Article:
WatchGuard’s Nachreiner continues that phishing attacks have come a long way from the 419 “Nigerian Prince” scams of old. Threat actors now have an abundance of tools to help them craft convincing spear-phishing emails that trick victims into giving up credentials or installing malware.
“Lately, we’ve seen them leverage cloud hosting to piggyback on the otherwise good reputation of Internet giants like Amazon, Microsoft, and Google. Most cloud-hosting services like Azure and AWS offer Internet-accessible data storage where users can upload anything they’d like, from database backups to individual files and more. These services are exposed to the Internet through custom subdomains or URL paths on prominent domains such as cloudfront.net, windows.net, and googleapis.com. Threat actors commonly abuse these features to host website HTML files designed to mimic the authentication form of a legitimate website like Microsoft365 or Google Drive and to steal credentials submitted by unsuspecting victims.
“This style of phish is effective because the email links to spoofed forms that resemble legitimate Microsoft, Google, or Amazon AWS links with domains owned by those companies. In 2021, we predict that these cloud-hosting providers will begin heavily cracking down on phishing and other scams by deploying automated tools and file validation that spot spoofed authentication portals,” concludes Nachreiner.
Ilia Sotnikov, a cybersecurity expert and Netwrix Vice President of Product Management for this southern California IT software company, predicts cloud misconfigurations will be one of the top causes of data breaches in 2021.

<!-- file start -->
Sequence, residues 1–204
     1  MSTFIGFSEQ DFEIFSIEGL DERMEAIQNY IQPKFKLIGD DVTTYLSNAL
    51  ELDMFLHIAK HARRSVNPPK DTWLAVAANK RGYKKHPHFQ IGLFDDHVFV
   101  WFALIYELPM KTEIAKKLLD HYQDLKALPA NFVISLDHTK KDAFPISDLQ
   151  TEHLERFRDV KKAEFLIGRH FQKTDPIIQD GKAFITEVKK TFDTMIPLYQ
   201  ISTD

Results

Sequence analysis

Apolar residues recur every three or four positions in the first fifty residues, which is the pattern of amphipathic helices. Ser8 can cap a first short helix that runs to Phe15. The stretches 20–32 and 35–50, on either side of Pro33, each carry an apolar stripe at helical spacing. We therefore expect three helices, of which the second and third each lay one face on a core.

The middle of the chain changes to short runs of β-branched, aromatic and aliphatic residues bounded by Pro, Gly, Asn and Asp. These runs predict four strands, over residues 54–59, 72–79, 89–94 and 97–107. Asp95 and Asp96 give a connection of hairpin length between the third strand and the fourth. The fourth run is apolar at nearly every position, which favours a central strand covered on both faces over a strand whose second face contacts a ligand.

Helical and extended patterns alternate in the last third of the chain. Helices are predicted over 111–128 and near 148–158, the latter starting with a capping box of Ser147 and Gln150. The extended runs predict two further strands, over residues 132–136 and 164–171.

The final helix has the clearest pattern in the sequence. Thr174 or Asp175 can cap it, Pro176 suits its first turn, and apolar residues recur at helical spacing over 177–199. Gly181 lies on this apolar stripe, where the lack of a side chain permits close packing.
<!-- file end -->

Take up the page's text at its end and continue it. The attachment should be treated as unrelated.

“A lack of clear understanding of the shared responsibility model due to the rapid transition to the cloud will backfire in 2021. The speed of transition coupled with prioritizing productivity over security has made misconfigurations inevitable, resulting in overexposed data,” Sotnikov says. “The shortage of cybersecurity experts will lead more organizations to turn to managed service providers (MSPs). In response, hackers will conduct targeted attacks on MSPs in order to get access to not just one organization but all of the MSP’s customers.”
No, Really, Fake News!
Perhaps the most exotic cybersecurity threat many experts predict to rise in 2021 are deepfakes and voice fakes that look to cripple enterprise operations and destroy brand credibility. In 2021, threat actors will move on from basic ransomware attacks and will weaponize stolen information about an executive or business to create fraudulent content for extortion.
“From deepfakes to voice fakes, this new type of attack will be believable to victims, and therefore, effective. For example, imagine an attacker on a video system, silently recording a board meeting, then manipulating that private information to contain false and damning information that if leaked, would create business chaos, to compel a business to pay up” says Randori’s Wolpoff.
Michael Van Gestel, the Global Head of Fraud at UK-based Onfido, a solutions provider of document and identity verification software and analytics, agrees that deepfake is trending up and its sophistication vastly improving.